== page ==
“Cecile” attended workshops at an ECK Worldwide Seminar and focused upon her mission: Be yourself and serve life.
Drawn to the park across from the site of the seminar, the Minneapolis Convention Center, she came upon a joyful wedding party gathered for photographs, while golden sunlight splashed the autumn leaves overhead. But the perfection of the moment was suddenly broken.
An angry bicyclist was cursing a car parked at the curb in front of the park’s entrance. It was blocking the bike lane.
The driver emerged from the car, explaining, “I’m trying to get these ninety-year-old people out of the car.” Then he added, “God bless.” Cecile guessed the passengers were the proud grandparents of the bride and groom. The harsh scolding of the bicyclist had opened the door for her to clear the air by offering an act of kindness to comfort the family.
This story is about Mary. She was a volunteer emergency medical technician (EMT), working out in the country where there was a long drive to the hospital.
The EMTs have a difficult job. Their task is to figure out how they can help the patient. Sometimes the patients are in great pain. The EMTs get them aboard the ambulance and check the vital signs like temperature, pulse, and blood pressure.
Mary would chat with patients and try to cheer them up in some way, see if she could just help them feel better. Maybe they would think less about their own situation. Read More
This clip—and the transcript below—is from Harold Klemp’s 2010 talk “Teacher and Student.”
Someone wrote to me about having a very hard time finding love. The secret of love is: To get love, you must give love. You’ve really got to open yourself and give freely of yourself. You can’t fake it. It’s got to be so. And when you do this, you become a magnet for love. Then the right person will come along because you’re no longer repelling. You’re attracting, because of your open heart.
Even when you’re in a relationship, it takes a long time to get engaged in it, if you will. It takes time because there are past hurts—all kinds of things that are in the past that need to be overcome. Read More
A search for happiness is the pursuit of God. Yet the reason so many people fail to find happiness is because they look for it in the wrong place—at the market instead of in their hearts.
It takes discipline to pursue God.
There is no mystery to finding God: just follow the Sound of the divine Voice back home. Could anything be easier? Not so for most people, for whom the pursuit of God is as unlikely as the phenomenon of a flying rabbit. And why? It’s simply not in their consciousness yet to know that the destiny of each Soul is to become a Co-worker with God, who expects more of us than an eternity of eating and play. Read More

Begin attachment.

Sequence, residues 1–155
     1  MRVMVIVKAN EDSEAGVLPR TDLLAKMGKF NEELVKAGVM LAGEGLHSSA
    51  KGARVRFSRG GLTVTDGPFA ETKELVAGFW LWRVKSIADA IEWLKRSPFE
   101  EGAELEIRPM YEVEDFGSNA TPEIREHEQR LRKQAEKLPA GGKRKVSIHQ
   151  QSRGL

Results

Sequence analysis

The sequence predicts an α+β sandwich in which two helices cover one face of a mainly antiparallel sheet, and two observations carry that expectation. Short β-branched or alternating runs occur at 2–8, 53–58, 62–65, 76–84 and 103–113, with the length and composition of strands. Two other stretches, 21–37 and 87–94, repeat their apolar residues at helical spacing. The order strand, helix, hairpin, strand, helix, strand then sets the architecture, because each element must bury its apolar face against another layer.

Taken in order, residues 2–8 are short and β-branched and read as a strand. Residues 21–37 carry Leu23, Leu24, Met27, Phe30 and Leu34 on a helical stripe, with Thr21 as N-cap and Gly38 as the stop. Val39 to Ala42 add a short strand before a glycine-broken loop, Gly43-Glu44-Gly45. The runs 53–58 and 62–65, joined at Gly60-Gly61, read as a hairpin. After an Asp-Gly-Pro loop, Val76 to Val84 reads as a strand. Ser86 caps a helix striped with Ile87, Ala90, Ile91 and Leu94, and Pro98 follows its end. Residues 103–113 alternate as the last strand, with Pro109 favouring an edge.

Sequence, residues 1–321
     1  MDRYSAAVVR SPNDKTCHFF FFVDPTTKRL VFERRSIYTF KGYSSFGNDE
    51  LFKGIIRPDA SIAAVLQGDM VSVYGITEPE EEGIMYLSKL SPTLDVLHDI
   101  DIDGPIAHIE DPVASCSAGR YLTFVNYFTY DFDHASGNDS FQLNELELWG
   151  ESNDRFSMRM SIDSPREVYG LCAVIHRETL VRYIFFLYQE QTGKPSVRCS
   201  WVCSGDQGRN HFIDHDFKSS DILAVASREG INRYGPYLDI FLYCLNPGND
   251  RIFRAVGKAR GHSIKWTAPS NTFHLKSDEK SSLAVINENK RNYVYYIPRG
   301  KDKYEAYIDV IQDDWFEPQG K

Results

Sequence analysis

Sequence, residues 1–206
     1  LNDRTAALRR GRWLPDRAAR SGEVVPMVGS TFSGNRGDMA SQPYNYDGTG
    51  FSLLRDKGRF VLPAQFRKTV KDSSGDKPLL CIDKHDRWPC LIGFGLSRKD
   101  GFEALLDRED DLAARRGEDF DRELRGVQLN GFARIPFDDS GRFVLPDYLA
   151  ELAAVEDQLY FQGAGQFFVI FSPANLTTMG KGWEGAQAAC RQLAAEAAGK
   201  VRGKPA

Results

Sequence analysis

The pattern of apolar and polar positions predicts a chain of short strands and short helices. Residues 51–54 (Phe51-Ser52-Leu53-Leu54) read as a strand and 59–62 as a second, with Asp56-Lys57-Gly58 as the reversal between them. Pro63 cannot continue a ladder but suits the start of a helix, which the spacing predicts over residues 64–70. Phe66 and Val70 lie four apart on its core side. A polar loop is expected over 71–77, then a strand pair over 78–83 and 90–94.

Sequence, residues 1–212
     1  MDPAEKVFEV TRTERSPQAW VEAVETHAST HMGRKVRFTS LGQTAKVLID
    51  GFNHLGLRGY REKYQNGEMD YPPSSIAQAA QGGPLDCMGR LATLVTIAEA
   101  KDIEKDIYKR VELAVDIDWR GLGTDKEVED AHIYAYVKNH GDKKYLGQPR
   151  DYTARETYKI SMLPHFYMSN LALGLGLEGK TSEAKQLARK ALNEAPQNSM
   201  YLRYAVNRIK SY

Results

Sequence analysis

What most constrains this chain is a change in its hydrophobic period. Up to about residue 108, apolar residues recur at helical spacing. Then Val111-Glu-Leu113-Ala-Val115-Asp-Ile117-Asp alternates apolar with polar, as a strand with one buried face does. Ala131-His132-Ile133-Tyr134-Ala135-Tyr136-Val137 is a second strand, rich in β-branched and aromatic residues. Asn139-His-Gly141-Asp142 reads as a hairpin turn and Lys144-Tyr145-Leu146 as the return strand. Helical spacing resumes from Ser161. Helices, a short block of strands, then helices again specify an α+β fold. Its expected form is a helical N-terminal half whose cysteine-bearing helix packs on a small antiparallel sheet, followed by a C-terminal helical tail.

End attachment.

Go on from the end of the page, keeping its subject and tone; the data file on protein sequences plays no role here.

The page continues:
As a student of Eckankar, you receive a yearlong study course written by the spiritual leader of Eckankar for your personal study. Each month you read one of the discourses to delve more deeply into aspects of the ECK teachings.
The discourses contain spiritual exercises and reflective activities that inspire you to contemplate on a topic. Answers to your questions may come through a dream, in written or spoken words, or from people and events in your daily life. Sri Harold writes in the article below about what happened after an ECKist contemplated on a question about love.
An ECKist was reading her monthly discourses one evening. At the end I had written, “In contemplation, ask the Mahanta, ‘What does “a great love for God” mean?’ Then watch for the answer. It will come in either your outer life or your dreams, or both.” Read More
Every month Sophia and a friend go from Mexico City to Guadalajara to teach a Satsang class. They’re Higher Initiates. The flight takes about an hour each way. When they arrive back home, they get a taxi.
One time they found that their taxi driver was a woman. This is very unusual in Mexico, so they commented on it to their driver. They said, “Very unusual, but we’re happy to have you.”
They started going to their respective homes. As they were driving along, the cab driver overheard them talking in back. She said, “Do you teach a class?” They said, “Yes, we do.” “A class on what?” Read More
Members of Eckankar have a treat to look forward to four times each year in a membership publication called the Mystic World. One of its special features is “Wisdom Notes,” written by Sri Harold Klemp. In these letters, including the one below, Sri Harold addresses questions and issues vital to spiritual well-being.
If this letter were to have a title, it would be “The String of Life.” It’s about detachment, being neither too much for nor against anything—the middle path. Living does entail putting ourselves into life. But not blindly or rashly. Read More
One morning, an ECKist who works as a school counselor in a county school district struggled to overcome fatigue and get to work on time. When his lethargy suddenly lifted, he decided not to call in sick, but instead drove to work. A little boy, sitting on a curb, crying, caught his attention. Something was obviously wrong, but should he intervene? Normally, he would never expect a child to accept a ride from a stranger. But as a school counselor, he was responsible for the well-being of the county’s students. He decided that the spiritual Law of Love applied in this situation. Offering the boy a ride would get him off the sidewalk and help him talk more freely about his troubles.